Playing in front of strangers is really easy. You can cocoon yourself in the fact that even if you completely fluff the song, you don't feel too bothered because you are unlikely to see any of them in a different context. If there are people there you actually know, you become very concerned about what they think of your playing. On my final day in Sydney, I stopped off for my customary coffee in Caffisimo. They had been very kind to me during my time in Glebe, so I asked Pietro if it would be ok for me to play a little something for them as trade wound down for the evening. I sat at a window seat insdie the cafe and began to play. I was horrified to find that I was so nervous that my legs and hands were shaking slightly. Even making it through pieces of music I have known for ages was not guaranteed. Right until the second I finished, I was beset by nerves. Why? Because these are people you know, like and respect. I was worried about making myself look stupid or not providing the promised entertainment. Fortunately they were pleased with what I had played and I left feeling as if I'd given a little something back for all the kindnesses they had shown me. It was the least I could do and I left feeling lighter.

Busking and adverse opinions of your trade
With busking there is also the fear of adverse judgement of your music. "Do you really need the money? If not, why are you doing it?". There is a fine line between busking and begging. Busking is based on a well-honed skill or ability which is plied for the public. Begging is where you throw yourself on the mercy of passers-by for your daily bread. Looks of condescension still cut me to teh quick. Perhaps it's my pride, perhaps it is my need to show that I am not completely destitute. Sometimes it isn't a look of condescension but a reaction when you tell someone you've been busking. It reminds me of a time in a work context when I was introduced to someone who used to work back office in an adult entertainment company. The first reaction is "oh...that's interesting" while your brain fills up with white hot fuzz and millions of questions which you know are stupid and you shouldn't bother asking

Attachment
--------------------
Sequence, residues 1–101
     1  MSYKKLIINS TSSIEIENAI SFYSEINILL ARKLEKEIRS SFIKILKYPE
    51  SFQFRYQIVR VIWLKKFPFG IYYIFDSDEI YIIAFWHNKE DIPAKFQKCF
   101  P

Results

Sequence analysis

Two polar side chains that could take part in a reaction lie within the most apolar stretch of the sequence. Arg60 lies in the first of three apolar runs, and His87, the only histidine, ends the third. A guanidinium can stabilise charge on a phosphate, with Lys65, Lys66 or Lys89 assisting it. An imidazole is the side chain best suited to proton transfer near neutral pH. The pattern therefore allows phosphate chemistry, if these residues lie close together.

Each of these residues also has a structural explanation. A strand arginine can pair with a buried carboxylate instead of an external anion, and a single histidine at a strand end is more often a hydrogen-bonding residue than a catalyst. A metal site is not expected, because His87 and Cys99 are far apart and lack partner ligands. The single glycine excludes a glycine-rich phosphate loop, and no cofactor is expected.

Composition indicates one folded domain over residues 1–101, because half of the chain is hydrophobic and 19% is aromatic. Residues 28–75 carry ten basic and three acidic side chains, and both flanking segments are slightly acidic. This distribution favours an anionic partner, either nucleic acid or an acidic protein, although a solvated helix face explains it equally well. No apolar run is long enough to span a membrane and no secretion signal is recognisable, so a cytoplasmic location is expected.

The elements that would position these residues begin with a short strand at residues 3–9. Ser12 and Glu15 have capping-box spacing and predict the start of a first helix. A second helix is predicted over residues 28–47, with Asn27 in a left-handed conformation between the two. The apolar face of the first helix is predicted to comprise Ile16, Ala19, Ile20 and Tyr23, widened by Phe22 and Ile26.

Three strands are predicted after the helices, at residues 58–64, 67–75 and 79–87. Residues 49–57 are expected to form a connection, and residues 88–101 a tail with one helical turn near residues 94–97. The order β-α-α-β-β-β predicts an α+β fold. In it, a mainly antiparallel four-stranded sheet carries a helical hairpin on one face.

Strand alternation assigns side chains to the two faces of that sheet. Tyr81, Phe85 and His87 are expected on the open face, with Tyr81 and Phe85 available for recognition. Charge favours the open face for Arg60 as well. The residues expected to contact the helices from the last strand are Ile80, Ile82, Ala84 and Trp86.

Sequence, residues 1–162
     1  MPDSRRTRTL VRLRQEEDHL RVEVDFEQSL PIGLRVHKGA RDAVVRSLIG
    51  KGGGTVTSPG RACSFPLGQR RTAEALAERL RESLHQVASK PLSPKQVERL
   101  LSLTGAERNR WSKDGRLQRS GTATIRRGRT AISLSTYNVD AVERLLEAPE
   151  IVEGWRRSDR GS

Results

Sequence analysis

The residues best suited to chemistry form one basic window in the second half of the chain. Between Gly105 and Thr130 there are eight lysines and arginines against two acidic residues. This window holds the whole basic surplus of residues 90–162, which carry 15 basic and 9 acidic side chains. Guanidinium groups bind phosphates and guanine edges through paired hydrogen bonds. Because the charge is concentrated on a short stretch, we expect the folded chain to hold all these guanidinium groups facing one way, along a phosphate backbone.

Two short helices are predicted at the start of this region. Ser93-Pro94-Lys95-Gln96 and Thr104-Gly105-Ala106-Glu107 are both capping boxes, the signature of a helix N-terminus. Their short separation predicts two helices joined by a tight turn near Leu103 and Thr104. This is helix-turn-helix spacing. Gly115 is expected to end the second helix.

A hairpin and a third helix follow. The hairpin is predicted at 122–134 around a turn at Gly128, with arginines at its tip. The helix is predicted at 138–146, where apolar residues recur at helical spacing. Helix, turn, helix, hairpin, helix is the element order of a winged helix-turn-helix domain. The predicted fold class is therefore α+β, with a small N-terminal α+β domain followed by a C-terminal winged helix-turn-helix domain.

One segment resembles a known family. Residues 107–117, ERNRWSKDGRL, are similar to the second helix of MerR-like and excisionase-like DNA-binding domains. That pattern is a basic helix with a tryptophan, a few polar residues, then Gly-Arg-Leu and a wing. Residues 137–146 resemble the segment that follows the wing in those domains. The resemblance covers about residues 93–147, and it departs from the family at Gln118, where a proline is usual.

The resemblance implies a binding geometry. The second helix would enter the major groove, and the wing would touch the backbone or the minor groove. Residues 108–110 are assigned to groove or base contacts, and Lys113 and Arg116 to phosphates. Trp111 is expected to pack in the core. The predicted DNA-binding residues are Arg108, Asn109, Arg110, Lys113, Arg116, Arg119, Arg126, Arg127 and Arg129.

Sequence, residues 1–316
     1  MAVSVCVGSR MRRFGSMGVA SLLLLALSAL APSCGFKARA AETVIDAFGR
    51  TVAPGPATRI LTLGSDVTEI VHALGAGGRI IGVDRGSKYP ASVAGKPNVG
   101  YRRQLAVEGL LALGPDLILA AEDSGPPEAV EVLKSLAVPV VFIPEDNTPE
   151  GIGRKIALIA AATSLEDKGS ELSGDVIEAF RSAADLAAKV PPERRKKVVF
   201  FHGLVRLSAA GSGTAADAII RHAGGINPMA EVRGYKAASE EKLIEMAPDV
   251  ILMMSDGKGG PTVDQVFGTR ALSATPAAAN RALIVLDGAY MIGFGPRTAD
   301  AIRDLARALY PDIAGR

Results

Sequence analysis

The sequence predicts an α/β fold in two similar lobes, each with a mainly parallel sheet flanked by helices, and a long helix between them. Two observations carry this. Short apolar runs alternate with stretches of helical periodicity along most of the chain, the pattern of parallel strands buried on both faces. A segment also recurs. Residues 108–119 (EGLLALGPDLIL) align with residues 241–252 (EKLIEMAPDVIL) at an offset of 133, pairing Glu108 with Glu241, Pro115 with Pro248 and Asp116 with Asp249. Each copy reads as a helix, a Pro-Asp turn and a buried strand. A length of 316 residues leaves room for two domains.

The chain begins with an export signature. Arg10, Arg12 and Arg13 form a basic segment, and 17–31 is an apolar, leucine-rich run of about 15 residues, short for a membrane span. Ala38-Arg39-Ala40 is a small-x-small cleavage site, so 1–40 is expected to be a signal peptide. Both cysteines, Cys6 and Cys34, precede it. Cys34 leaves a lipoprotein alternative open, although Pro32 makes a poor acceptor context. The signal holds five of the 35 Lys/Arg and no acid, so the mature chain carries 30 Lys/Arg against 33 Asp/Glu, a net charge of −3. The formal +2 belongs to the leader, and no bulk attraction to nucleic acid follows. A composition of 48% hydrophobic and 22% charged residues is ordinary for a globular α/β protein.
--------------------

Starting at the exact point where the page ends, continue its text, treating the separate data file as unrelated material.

"um...did you like what you were doing...I mean...were the people you very involved in your work...I mean to say...what made you do it...."

At my last hostel, there were a range of reactions from "oh, that's cool" through "oh, are you that broke?" to derisive snorts and rolled eyes. I am evidently not detatched enough from my pride or supremely self-confident enough not to give a damn what anyone else thinks. Some people do it well or at least give the impression of doing so but I still feel the stinging of my pride when I note someone looking down their nose at me.

Busking Etiquette
1. Have consideration for your fellow buskers. All they have to do is turn up their amp and you're stuffed, so get there early and remember that everyone's just trying to earn some pocket money.

2. Pay it forward. What goes around definately comes around quickly and efficiently. I have often had money put into my case by other buskers and I try to do the same for them in the spirit of comradeship. We're all in it for a little money and to bring a little light into the world, so it is incumbent upon us to keep the fires of musical appreciation burning

3. If you're in prime territory, let someone else have a go when you've been playing for a bit. Play, earn a bit and then move on when you've made enough. Trying to hang on in order to make a killing at the expense of another busker doesn't engender goodwill or good karma.
Saxholder Pro